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Jacket Required delivers the goods

Jacket Required closed yesterday (July 30) with quieter footfall than on Wednesday, but having confirmed its attraction to multiple and independent buyers who no longer feel a strong pull to the Berlin fairs.

Most exhibitors declared themselves satisfied with the flow of visitors at the two-day contemporary menswear event, although some felt the show has grown too big for every collection to be reviewed properly.

The exhibitor list gathered at the Truman Brewery in east London grew from around 250 in February to 306 brands this season. It was also reconfigured with a new position for the entrance.

First-time exhibitor Alastair Gorrod, head of sales at footwear brands Frank Wright and Gola Classics, was pleased with the cross-section of buyers seen: “Asos, Zalando and Sole Trader have all been on and we have seen some of the more serious independent buyers. We even took a nice order from one of our big Czech stockists, which was unexpected. This is not like an old-school exhibition with heavy footfall. Those days are gone. It is what it is, but the mood is quite positive. The feel of it is definitely good because it is run by fashion people, not accountants.”

At Gibson London, one of the few tailoring suppliers on show among the jeans, T-shirts and sportswear, sales executive Simon Parr reported seeing plenty of Irish indies on the first day and opened with a new store in the Netherlands: “It was steady on Wednesday but when we added everything up, we’d had a good day. Thursday was a little quieter but we were still having good conversations.

“What is interesting is that people are spending, almost to the penny, exactly what they spent last season. They are still being careful.”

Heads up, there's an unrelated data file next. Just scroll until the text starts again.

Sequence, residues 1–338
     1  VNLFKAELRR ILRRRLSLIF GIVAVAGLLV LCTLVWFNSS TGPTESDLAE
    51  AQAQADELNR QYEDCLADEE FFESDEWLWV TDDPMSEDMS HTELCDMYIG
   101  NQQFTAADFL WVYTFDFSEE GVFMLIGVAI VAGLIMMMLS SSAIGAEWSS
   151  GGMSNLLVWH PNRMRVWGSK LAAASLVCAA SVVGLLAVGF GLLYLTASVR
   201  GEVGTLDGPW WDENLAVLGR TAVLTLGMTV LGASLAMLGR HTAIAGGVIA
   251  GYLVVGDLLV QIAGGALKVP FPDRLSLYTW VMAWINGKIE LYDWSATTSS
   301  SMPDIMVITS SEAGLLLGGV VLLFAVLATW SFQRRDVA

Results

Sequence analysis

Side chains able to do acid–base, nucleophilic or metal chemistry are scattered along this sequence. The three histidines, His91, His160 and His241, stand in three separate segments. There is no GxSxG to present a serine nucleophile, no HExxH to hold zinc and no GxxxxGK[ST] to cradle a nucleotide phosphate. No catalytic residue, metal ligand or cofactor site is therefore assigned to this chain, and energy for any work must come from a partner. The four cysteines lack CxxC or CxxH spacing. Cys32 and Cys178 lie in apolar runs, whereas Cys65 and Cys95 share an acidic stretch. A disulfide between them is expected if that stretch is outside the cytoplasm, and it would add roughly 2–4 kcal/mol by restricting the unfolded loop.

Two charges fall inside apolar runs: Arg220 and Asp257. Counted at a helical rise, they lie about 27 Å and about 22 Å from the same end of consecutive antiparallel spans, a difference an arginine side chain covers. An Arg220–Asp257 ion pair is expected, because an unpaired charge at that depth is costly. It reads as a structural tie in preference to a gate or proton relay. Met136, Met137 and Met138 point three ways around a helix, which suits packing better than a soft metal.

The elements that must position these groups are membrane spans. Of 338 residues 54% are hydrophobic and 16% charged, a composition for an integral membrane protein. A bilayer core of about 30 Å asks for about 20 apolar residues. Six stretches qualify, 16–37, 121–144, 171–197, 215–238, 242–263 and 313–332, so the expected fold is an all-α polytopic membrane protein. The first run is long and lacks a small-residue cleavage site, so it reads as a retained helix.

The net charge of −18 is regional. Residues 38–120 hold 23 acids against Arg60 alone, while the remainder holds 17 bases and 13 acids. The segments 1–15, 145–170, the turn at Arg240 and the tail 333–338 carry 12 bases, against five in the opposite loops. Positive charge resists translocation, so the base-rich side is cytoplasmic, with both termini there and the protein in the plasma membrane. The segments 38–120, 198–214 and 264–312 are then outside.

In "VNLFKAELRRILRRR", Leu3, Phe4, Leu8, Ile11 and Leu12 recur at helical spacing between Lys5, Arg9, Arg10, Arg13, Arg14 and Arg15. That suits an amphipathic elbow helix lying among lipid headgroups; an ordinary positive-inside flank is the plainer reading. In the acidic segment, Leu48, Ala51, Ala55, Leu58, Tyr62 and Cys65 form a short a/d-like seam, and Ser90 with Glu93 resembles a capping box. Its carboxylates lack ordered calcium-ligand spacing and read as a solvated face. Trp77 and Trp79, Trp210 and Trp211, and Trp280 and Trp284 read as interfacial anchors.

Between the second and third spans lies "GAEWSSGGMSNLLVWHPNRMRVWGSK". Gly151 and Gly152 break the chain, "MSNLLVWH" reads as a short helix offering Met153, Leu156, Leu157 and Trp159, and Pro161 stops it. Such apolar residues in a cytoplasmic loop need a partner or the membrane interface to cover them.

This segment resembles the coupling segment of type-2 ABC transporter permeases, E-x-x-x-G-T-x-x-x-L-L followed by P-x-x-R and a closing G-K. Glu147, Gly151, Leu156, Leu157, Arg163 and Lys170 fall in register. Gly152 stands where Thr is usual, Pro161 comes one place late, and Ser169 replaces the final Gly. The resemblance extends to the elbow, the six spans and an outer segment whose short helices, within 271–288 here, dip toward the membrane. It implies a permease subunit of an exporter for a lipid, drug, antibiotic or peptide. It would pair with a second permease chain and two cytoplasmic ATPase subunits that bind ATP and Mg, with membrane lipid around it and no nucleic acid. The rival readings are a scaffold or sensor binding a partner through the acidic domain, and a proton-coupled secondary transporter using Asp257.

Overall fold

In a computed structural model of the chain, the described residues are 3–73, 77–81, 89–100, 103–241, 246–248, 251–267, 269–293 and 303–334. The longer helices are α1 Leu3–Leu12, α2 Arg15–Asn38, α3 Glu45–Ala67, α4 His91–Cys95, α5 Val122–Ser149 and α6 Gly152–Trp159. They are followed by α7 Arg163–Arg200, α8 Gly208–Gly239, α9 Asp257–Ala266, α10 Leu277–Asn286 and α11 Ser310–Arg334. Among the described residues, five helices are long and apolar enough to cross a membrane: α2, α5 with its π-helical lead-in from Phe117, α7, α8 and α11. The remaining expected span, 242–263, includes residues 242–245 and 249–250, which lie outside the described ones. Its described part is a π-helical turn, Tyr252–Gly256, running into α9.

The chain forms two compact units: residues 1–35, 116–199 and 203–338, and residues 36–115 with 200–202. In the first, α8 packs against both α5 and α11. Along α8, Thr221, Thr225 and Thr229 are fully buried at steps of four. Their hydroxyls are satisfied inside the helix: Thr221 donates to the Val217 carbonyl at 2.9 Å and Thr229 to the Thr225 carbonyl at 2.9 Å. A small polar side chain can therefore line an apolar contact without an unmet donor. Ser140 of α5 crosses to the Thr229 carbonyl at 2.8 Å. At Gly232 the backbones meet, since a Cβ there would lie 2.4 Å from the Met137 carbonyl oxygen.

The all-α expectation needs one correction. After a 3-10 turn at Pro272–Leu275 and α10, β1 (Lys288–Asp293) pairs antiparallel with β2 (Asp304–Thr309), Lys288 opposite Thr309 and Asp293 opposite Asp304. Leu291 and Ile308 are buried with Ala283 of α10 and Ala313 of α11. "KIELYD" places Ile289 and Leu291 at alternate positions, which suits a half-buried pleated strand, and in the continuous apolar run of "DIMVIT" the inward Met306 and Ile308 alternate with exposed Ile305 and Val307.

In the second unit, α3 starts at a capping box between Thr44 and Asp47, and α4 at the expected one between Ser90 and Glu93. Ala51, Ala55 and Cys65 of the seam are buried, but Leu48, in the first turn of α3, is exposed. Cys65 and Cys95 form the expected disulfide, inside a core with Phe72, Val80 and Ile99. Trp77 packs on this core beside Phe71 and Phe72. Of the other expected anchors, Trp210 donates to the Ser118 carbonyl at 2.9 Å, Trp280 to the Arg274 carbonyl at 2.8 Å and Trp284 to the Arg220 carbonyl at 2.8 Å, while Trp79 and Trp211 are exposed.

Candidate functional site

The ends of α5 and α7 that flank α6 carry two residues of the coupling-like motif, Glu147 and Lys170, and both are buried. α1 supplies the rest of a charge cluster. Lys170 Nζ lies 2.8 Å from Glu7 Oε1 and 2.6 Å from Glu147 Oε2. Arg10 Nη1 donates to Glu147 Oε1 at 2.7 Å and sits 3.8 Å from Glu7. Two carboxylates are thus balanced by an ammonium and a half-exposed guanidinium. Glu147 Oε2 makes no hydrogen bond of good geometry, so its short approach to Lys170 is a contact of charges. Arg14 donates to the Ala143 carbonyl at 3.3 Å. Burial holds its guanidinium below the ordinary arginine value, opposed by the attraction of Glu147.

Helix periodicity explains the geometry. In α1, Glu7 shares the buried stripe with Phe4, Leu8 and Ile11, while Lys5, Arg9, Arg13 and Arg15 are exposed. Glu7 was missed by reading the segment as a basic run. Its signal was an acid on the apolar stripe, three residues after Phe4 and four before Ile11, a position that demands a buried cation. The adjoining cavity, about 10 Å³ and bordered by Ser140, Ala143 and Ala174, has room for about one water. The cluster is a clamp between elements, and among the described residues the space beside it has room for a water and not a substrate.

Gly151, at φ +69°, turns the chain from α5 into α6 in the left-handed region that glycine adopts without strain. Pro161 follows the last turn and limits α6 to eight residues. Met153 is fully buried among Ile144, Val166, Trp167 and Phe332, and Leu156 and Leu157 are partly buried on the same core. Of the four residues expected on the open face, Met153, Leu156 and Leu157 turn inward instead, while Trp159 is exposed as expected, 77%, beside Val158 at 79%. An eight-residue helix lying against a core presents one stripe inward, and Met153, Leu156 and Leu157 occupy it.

Among the majors spotted at the event were Mr Porter, JD and End, while Aspecto and Hip were among the premium independents.

On the lookout for commercial niche brands was Drapers Independents Award-winning retailer Guy Hudson from Lynx in Harrogate: “I am upbeat. We had a really good spring-summer and have come out looking very clean in the shop.

“There are a lot of shoes at this show, but then shoes are the new shirts for us, especially hybrid sneakers. As we don’t sell online, I am avoiding brands that do and I want to work with niche companies.

“After 12 years we have just severed our links with Paul Smith; while I was still trying to sell the collection at full-price they had 20% off and department stores had 55% off.”

Event director Alice Elliot told Drapers: “We’re very pleased. The new set-up worked well and added an extra energy. The new layout bought a flow so no one could miss brands. I’m happy we’ve kept the high standard of brands even though we’ve added around 30 new names.

“We’re trying to introduce more international brands and we are attracting more international buyers as we become a bigger, established name. The second day was slightly slower than the first, but it always is. More people just chose to come the first day as that was really busy. Visitor quality has been very strong.”

Readers' comments (5)

  • Great Show and no big poncy stands. Product did the talking on basic rails. Will be returning

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  • Great to hear that our esteemed editor attended in glory attire from the 70s.

    MOT

    S

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  • Now they will have to find a bigger venue, success has its problems! Well done To Mr Hudson if more people followed his example the indies would be a lot happier and making margin not being forced to spend MOST OF their budget on the monster brands. Surely brands that supply so many stores and indies + their own shops must expect to be dropped!

    "ARE THEY BOTHERED"

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  • Even a dragon attended, question is "did he invest"

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  • darren hoggett

    The mood I felt was that retailers had had enough of brands wanting their cake and eating it. The whole situation is unsustainable. Therefore budgets are leaning towards those brands that understand and realise business is a mutual relationship and not a one way street.

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